Dr. Jim Trammell walks into his Video Production class on the first day of the semester and says, “Ok, now everyone get up and exit the room.”
With perplexed looks and stares, the class shuffles out of the room into the hallway.
“You can be admitted to class after you are able to wrap the power cord properly,” says the associate professor of communication in the Nido R. Qubein School of Communication.
“You must make sure there are no kinks in the cord as you wrap it in a circular motion. We don’t want them to be damaged.”
A simple, yet daunting task for some people that work in the television news industry today because many don’t take the time to master that skill. So before each student re-enters class, Trammell teaches them a necessary skill.
“I want my students to graduate fully prepared for the broadcasting world,” says Trammell. “They need to know everything from the core basics to the intricate details.”
And that is why he pushes them.
“How can I get my students to go that extra mile? How can I get them to take that extra step to succeed? I want my students to go above and beyond.”
These are the questions Trammell asks himself every day before class begins.
Curriculum that’s Constantly Changing
In the fall of 2007, HPU revamped the communication curriculum with a focus on preparing students for the world as it is going to be. That’s when the Nido R. Qubein School of Communication was established on HPU’s campus. Trammell was one of the many new faculty additions in the School of Communication, and from there, he developed the electronic media track.
“I was so attracted to what this school was going to build,” he says. “I wanted to be a part of that process.”
Communication is the second most popular major at HPU. With new concentrations like sport communication and a new documentary media major, the school’s programs are constantly being changed and updated to meet the needs of the broadcasting industry.
Today, it offers students a combination of theory-based and practical courses in a multidisciplinary, experiential-learning environment. The state-of-the-art facilities feature high definition television production studios, a multi-track audio recording studio, editing suites, computer labs, a high-definition surround sound theatre-screening room and a gaming communication development studio.
Faculty like Trammell prepare students to get jobs in the communication field where they will become videographers, anchors and producers in television news, radio and sports broadcasting industries.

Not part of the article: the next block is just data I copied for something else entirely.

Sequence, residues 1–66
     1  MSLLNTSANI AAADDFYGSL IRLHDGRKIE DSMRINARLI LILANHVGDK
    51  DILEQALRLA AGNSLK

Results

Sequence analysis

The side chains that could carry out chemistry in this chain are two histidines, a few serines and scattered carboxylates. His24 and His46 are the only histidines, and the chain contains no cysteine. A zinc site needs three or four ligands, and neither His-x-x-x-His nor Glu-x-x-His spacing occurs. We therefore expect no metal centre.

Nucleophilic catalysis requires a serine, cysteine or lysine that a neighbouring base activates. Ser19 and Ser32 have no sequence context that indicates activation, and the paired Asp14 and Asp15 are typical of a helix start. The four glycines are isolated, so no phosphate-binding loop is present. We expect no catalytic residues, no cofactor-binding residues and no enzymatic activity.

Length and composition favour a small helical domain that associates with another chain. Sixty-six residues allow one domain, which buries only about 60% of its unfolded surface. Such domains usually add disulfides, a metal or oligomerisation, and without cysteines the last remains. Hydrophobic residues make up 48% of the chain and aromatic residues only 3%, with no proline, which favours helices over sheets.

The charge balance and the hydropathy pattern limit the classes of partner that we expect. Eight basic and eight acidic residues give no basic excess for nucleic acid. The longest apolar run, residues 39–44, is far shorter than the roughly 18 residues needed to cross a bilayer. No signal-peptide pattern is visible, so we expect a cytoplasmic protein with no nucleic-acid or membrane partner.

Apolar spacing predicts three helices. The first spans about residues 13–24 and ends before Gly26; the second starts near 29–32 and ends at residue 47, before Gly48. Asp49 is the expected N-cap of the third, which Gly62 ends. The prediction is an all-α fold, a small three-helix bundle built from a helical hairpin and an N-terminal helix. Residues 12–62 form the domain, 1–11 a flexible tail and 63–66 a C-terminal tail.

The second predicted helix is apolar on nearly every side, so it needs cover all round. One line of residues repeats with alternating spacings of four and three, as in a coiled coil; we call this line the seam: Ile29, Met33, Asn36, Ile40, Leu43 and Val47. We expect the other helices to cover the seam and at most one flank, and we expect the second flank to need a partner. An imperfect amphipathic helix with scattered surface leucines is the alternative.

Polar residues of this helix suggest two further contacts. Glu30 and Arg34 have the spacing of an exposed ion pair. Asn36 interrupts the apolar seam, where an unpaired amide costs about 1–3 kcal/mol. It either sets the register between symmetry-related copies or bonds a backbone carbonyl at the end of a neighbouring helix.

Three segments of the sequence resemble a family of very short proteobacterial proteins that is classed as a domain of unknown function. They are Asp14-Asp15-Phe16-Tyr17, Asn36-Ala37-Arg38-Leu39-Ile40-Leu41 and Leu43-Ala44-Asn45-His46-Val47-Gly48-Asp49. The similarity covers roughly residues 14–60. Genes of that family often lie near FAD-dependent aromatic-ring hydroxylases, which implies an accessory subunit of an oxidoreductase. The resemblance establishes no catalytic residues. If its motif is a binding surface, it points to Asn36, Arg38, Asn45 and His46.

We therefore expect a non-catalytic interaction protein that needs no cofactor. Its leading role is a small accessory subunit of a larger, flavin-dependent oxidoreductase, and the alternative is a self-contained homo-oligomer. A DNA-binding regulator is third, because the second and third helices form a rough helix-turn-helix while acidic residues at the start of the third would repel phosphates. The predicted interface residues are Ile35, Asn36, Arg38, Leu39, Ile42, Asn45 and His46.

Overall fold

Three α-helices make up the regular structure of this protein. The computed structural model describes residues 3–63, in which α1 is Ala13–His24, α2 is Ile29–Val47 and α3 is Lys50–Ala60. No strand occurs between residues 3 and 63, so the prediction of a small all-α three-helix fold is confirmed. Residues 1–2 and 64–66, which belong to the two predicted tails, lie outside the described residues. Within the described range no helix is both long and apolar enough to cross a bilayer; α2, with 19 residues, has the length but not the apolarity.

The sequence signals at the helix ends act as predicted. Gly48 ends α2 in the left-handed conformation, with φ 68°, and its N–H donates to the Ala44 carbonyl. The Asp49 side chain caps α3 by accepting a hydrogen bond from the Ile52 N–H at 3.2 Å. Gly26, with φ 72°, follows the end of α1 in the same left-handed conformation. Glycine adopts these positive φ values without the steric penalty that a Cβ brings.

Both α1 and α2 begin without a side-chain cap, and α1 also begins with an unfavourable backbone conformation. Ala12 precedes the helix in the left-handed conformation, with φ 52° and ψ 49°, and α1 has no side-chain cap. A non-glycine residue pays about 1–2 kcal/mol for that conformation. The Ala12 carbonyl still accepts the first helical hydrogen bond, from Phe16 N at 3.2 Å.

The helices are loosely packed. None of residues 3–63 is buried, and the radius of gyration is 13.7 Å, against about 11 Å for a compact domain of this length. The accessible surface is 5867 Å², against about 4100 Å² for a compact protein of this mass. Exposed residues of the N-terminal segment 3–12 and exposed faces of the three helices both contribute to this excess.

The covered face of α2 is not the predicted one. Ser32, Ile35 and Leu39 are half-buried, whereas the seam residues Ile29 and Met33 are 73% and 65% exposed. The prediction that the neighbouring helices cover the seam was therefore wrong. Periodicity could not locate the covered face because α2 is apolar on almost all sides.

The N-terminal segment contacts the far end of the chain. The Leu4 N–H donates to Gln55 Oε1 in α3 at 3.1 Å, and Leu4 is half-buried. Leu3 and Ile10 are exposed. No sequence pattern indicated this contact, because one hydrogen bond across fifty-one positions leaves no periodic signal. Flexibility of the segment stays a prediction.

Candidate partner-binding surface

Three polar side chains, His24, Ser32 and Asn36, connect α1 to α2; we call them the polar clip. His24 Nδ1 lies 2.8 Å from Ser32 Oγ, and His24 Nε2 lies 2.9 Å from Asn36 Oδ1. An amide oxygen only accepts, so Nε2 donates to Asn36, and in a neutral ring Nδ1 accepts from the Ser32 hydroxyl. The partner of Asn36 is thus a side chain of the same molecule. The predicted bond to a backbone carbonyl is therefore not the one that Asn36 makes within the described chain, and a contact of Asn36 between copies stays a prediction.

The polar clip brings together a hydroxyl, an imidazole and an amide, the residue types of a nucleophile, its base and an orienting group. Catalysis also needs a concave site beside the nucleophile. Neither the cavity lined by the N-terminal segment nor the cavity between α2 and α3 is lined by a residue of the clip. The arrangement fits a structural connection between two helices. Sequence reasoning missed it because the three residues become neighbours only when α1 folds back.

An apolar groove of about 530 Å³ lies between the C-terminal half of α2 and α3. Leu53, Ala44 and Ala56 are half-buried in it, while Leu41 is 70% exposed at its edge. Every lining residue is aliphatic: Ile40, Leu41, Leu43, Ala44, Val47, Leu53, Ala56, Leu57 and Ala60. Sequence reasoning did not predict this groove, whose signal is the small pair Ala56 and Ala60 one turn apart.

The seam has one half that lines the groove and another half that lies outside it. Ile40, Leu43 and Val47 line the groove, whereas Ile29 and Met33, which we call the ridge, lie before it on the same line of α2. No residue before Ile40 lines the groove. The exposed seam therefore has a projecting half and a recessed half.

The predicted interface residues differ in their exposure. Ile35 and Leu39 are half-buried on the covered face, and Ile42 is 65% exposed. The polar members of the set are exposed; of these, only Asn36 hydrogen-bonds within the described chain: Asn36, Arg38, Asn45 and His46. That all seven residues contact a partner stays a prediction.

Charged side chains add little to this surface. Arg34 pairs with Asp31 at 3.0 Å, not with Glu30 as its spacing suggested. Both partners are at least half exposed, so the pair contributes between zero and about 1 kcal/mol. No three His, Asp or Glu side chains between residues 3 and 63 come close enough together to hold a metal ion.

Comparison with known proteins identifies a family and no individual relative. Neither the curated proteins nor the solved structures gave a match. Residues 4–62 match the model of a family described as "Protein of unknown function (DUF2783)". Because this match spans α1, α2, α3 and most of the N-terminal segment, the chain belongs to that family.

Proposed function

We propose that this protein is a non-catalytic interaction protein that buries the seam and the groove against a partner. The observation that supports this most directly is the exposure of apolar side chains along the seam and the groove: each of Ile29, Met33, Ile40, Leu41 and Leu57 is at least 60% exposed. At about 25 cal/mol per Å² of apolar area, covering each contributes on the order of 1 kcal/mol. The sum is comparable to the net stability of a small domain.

As a well-known professor around campus, calling students by their first name everywhere he goes – even to non-communication majors – Trammell has the “go get ‘em” personality that is infectious to anyone he comes in contact with.
He teaches students the skills they need to produce television broadcast-ready work and has them go out of the classroom to put together a story of their own.
“I encourage all students to learn beyond the grade,” he says. “Once I give them the tools to figure things out, I see what they come up with, then go from there. As a faculty member, I need to prepare them for the world as it is going to be; it is constantly changing.”
“A classmate had convinced me that taking Dr. Trammell’s class would change my life, and it did,” says HPU 2014 alumna Meredith Beck. “His classes were tough and intense, but amazing all at the same time. He pushed me, but most importantly he reminded me each and every day why I wanted to go into the business.”
Many of Trammell’s communication students have gone on to have major success in the industry. HPU 2012 alumna Caroline Stewart works on the management team for singer Demi Lovato; 2011 alumna Nicole Larmarca is an associate producer for Disney ABC Television Group in New York; 2015 alumnus Connor Schaney provides score updates and records statistics for NFL football games at CBS Sports in New York City; and 2014 alumnus Ed Harlin is a camera operator for the Atlanta Braves. These are just a few examples of where his students have started their careers.
And with that, they credit their success to his guidance. To Trammell, if you have “competence and confidence,” you can be successful in the shifting news and communication landscape.
“Thanks to Dr. Trammell I have landed my dream job as the morning producer for Good Morning Charleston in Charleston, South Carolina,” says Beck. “When it came to producing my first national story of my career, the shooting in Charleston at Emanuel AME church in June, I had a flashback to my first day of sophomore year in Dr. Trammell’s class. At the time, I thought I was in way over my head, that I could never make it in the news industry. I remembered his encouragement, guidance and confidence in me. It helped me to succeed.”